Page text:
Although this blog is going to primarily focus on ALM [Application Lifecycle Management] topics, the reality is that without an application that is well designed and implemented, all of the “management” in the world is not going to yield a successful outcome.
This series will focus on specific techniques that address recurring issues that are found in certain classes of applications. Many of these will be performance related, so examining the adage “Premature Optimization is the Root of all evil” is very relevant.
The actual statement written by Donald Knuth was:
“Programmers waste enormous amounts of time thinking about, or worrying about, the speed of noncritical parts of their programs, and these attempts at efficiency actually have a strong negative impact when debugging and maintenance are considered. We should forget about small efficiencies, say about 97% of the time: premature optimization is the root of all evil. Yet we should not pass up our opportunities in that critical 3%.” – Computing Surveys, Vol. 6, No 4, December 1974
I had started writing software just over two years before just over two years before this was written (I did not actually encounter the article until nearly three years after it was written) on a DEC PDP-8 with 16 K (that is 0.0000152587890625 Gig for modernists) of real (ferromagnetic) core memory. Even with this limited amount of memory it was responsible for administrative tasks of a 6,000 student school district. Combined with a clock speed that was less than 1MHz, writing the smallest, fastest possible code was a requirement. These days, most of my actual coding work is on projects that are extremely demanding in some fashion, often in terms of raw performance and I consistently find myself dealing with “our opportunities in that critical 3%”.
The first step in looking at performance is to have a specification. Without a documented specification it is impossible to say that something is “too slow” and therefore a candidate for performance optimization. The second step is to perform detailed measurements of items that fail (or are dangerously close to) these specifications. In many cases, a focusing on a very small part of the operation under consideration will yield the desired benefits. In other cases, a redesign may be necessary in order to have a robust, maintainable codebase that meets the specification.
As an example of the former case; Last year my firm was contracted by a major financial company who were having problems with application performance. Historically they had programmed in C++, but had recently moved to C#. The codebase was well designed with SOLID principles applied throughout, the algorithm implementation was straight forward, and although there were some general issues with the code, the “killer” problem was the performance of this one algorithm.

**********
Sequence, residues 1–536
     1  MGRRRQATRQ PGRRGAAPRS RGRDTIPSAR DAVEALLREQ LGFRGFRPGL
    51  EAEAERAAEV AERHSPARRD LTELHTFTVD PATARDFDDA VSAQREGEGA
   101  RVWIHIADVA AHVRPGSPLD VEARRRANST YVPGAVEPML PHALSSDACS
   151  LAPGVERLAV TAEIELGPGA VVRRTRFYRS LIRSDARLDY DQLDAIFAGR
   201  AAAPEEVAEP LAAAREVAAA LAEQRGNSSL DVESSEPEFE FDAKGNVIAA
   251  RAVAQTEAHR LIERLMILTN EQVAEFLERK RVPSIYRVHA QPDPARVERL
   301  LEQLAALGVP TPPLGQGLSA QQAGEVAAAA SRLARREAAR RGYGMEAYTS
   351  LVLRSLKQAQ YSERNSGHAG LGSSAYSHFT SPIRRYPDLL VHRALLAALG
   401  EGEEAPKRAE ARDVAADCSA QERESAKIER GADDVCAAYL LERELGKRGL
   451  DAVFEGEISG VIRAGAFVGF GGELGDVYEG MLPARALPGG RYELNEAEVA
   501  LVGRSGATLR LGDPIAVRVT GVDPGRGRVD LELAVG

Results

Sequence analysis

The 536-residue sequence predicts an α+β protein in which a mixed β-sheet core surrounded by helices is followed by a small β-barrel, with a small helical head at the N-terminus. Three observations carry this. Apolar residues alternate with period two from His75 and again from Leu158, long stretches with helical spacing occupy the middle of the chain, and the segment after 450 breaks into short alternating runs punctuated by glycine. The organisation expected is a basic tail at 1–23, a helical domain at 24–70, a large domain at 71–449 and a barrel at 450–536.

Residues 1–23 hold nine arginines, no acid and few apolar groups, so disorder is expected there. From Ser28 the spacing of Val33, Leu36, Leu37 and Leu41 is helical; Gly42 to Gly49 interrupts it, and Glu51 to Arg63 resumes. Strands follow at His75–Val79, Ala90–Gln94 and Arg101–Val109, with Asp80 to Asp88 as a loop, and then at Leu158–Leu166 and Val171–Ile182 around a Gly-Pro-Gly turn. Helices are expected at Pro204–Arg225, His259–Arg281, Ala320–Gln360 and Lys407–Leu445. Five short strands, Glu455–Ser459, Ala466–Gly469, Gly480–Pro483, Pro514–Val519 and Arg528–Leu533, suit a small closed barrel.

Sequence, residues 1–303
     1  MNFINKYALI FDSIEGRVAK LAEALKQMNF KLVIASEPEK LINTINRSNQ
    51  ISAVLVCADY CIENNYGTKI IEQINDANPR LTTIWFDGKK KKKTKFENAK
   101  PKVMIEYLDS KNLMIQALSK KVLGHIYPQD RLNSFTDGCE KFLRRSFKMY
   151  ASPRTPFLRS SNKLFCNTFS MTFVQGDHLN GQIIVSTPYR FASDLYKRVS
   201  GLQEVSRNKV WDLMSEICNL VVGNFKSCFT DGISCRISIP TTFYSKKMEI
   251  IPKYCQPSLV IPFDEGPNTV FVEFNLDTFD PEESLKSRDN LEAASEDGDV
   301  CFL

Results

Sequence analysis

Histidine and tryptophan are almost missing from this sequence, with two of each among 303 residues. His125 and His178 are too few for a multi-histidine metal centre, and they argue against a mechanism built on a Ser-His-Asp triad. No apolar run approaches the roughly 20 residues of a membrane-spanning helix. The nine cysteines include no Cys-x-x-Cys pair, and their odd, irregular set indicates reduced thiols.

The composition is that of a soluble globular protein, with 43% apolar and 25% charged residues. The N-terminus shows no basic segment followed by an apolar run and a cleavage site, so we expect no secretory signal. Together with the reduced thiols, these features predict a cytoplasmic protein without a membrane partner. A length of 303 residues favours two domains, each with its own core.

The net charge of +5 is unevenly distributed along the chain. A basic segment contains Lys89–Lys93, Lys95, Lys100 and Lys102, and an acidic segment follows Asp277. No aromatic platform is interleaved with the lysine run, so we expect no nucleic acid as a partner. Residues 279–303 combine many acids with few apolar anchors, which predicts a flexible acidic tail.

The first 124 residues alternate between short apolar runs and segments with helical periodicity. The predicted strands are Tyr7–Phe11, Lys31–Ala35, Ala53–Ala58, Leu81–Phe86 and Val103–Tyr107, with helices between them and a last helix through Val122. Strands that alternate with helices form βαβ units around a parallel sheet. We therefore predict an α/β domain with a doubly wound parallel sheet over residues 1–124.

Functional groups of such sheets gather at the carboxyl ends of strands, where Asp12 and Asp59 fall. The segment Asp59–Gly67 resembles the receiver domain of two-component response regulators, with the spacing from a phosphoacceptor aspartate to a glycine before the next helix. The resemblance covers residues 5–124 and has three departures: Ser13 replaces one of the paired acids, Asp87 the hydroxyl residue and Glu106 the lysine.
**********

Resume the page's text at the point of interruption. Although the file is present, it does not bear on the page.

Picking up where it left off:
When I first arrived, the team was nearly evenly divided into three camps:
I asked them if they had profiled the code, and they answered yes. I then asked to see how they profiled the code and they showed my the following:
Stopwatch sw = new Stopwatch();
int measurement = sw.ElapsedMilliseconds;
They had not done ANY actual profiling of where the time was being spend within the various parts of the code. I fired up my favorite profiler (Red-Gate ANTs 6.0), and within a few minutes identified that replacing elements in a generic Dictionary<K,V> collection was responsible for a large amount of the time. I then did some research (aka I asked questions) and found out that the collection was indeed highly volatile, elements were frequently referenced by their key (although there were actually more Add/Removes’ than Keyed retrieval), but most importantly, the design constrained the collection to never have more than than about 20 entries in the collection!!!!
Because of the size of the collection, and the overhead in maintaining an indexed collection, I made one simple change…to a plain old generic List<T>, with a simple iteration to find the proper element when “keyed access” was required. Not surprisingly the time required to add or replace an element went down dramatically, the times to remove an element went down slightly, and the indexed access was just about the same.
This one simple change, was sufficient to reduce the overall time so that it met the performance specification with a good safety margin. [I only wish some of the other issues on that project were so easily resolved].
The key takeaway is that it really was a small part of the code that was critical, and that their original views on the subject were significantly off-the mark [I am being kind], and had they adopted any of them, they would have been in rather poor shape.
If you have done your due diligence, and determined that there are real performance issues and that specific code is a leading contributor to the problem, then hopefully the techniques I will be posting here will be of help. It is unlikely that any of them will be directly adoptable in their presented form, but my goal is to provide the background so that they can be evaluated and even used as the basis for power programming techniques of your own.
As always, I am looking forward to comments on these items, and suggestions for ways to address specific issues that you are encountering.